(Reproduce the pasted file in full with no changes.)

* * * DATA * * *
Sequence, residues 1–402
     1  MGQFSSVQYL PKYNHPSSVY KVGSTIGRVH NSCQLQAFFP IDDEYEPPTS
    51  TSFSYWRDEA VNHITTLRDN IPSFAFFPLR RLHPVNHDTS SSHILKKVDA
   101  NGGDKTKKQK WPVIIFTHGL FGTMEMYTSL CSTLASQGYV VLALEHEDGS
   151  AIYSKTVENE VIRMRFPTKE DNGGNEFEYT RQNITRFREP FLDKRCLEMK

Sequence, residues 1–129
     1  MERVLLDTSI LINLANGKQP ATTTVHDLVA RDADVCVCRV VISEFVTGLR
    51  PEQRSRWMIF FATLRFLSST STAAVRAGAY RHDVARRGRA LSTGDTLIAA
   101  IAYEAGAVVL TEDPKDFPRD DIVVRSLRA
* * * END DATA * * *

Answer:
Sequence, residues 1–402
     1  MGQFSSVQYL PKYNHPSSVY KVGSTIGRVH NSCQLQAFFP IDDEYEPPTS
    51  TSFSYWRDEA VNHITTLRDN IPSFAFFPLR RLHPVNHDTS SSHILKKVDA
   101  NGGDKTKKQK WPVIIFTHGL FGTMEMYTSL CSTLASQGYV VLALEHEDGS
   151  AIYSKTVENE VIRMRFPTKE DNGGNEFEYT RQNITRFREP FLDKRCLEMK

Sequence, residues 1–129
     1  MERVLLDTSI LINLANGKQP ATTTVHDLVA RDADVCVCRV VISEFVTGLR
    51  PEQRSRWMIF FATLRFLSST STAAVRAGAY RHDVARRGRA LSTGDTLIAA
   101  IAYEAGAVVL TEDPKDFPRD DIVVRSLRA